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The Role of Kinship in Negotiating Territorial Rights

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Exploring Claims for Winter Pasture Ownership in Mongolia

image of Inner Asia

This paper explores the role of kinship in herder claims for winter shelter ownership in rural Mongolia, where pastureland is currently designated as state-owned property in the national constitution. Drawing on ethnographic research conducted amongst mobile pastoralist households, this article demonstrates how contemporary winter pasture rights take shape within a locus of political relations structured by custodial land-use practices. It highlights the ways that herders negotiate for territorial rights through appeals to established regional families and are how these appeals are mediated by local government administration. From this analysis, I argue that concepts of kinship in the political economy of pastoralism should be re-examined in light of current debates around land-tenure legislation in Mongolia.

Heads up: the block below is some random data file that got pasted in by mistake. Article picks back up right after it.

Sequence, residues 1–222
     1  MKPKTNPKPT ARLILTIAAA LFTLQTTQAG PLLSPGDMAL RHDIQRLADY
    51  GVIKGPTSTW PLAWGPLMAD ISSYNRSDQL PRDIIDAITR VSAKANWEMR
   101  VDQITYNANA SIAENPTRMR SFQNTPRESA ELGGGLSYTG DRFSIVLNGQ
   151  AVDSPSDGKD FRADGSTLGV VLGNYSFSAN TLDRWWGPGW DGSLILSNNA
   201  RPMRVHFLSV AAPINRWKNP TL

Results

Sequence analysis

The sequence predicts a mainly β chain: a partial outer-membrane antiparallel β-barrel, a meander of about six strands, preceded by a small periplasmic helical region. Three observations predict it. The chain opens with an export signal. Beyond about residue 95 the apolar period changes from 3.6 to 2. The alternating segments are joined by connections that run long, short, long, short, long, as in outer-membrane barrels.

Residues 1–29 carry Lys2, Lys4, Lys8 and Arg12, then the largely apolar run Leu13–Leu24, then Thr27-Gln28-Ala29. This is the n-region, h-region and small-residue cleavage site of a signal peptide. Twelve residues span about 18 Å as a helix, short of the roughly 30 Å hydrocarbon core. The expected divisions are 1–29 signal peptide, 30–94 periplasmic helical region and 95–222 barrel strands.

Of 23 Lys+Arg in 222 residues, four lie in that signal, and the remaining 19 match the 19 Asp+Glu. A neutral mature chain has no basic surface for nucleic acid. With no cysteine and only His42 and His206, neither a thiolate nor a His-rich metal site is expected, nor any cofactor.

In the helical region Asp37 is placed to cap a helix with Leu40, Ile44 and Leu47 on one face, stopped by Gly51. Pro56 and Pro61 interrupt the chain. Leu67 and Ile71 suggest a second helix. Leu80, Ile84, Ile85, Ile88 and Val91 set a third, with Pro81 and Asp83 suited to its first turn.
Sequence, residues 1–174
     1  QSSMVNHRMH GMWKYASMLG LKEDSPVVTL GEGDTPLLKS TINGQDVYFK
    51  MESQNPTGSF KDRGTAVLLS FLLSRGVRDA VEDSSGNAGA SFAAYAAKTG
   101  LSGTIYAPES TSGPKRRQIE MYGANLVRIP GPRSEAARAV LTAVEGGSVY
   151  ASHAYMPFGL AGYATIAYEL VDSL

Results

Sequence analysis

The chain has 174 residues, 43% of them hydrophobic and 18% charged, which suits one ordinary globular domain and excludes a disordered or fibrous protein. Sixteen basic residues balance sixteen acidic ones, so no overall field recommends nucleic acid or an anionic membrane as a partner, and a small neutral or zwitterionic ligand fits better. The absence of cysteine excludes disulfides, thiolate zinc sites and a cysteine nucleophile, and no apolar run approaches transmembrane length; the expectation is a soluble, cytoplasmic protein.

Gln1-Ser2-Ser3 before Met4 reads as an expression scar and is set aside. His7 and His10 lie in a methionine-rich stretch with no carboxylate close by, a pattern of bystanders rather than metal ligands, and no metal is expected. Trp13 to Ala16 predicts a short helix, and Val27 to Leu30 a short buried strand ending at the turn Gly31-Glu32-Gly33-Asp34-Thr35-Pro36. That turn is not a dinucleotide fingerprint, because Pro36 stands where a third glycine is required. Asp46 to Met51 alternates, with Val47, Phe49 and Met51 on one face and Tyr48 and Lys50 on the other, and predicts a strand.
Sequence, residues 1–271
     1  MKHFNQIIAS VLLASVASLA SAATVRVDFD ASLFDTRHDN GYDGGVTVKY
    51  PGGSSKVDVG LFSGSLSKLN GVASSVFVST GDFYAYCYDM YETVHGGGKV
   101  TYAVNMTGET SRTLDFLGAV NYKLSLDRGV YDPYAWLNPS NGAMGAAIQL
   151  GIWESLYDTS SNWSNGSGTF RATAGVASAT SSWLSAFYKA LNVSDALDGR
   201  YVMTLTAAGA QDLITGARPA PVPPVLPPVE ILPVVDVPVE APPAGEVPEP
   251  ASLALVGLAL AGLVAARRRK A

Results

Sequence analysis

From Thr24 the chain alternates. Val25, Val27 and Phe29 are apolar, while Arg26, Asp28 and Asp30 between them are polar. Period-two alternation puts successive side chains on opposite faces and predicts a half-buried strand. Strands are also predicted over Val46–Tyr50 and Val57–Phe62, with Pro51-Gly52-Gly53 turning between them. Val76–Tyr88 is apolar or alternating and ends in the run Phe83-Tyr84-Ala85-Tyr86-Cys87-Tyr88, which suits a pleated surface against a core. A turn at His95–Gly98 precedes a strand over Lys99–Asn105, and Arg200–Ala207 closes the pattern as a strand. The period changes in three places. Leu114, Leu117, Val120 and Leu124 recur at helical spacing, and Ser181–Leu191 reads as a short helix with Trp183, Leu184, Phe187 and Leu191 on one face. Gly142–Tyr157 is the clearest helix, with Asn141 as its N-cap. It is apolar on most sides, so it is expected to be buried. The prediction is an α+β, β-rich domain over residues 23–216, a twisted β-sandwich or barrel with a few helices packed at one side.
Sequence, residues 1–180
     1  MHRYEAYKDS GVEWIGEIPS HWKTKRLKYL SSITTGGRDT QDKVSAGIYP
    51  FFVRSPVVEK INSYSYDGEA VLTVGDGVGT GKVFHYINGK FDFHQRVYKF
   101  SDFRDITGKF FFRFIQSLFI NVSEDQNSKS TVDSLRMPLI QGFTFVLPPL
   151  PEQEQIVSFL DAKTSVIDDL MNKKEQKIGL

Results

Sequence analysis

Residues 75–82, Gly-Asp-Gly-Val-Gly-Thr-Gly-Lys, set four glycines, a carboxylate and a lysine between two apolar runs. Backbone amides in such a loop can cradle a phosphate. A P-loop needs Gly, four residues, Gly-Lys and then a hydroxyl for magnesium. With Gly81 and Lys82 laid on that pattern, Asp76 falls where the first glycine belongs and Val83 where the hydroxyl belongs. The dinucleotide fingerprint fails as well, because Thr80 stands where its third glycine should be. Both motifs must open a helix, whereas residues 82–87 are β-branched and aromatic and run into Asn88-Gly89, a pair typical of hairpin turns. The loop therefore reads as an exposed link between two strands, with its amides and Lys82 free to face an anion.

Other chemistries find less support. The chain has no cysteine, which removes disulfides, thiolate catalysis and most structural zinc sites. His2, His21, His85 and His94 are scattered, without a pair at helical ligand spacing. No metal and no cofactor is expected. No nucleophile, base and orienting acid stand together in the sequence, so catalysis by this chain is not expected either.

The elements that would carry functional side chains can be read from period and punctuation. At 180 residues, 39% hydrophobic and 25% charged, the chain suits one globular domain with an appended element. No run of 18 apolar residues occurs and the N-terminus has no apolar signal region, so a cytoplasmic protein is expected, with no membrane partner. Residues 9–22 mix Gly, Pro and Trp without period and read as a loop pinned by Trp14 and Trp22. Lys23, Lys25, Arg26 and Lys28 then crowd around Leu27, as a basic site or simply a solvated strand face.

Affiliations: 1: Green Templeton College, Oxford University OxfordUK ariell.ahearn-ligham@ouce.ox.ac.uk

10.1163/22105018-12340067
/content/journals/10.1163/22105018-12340067
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/content/journals/10.1163/22105018-12340067
2016-12-15
2018-09-24

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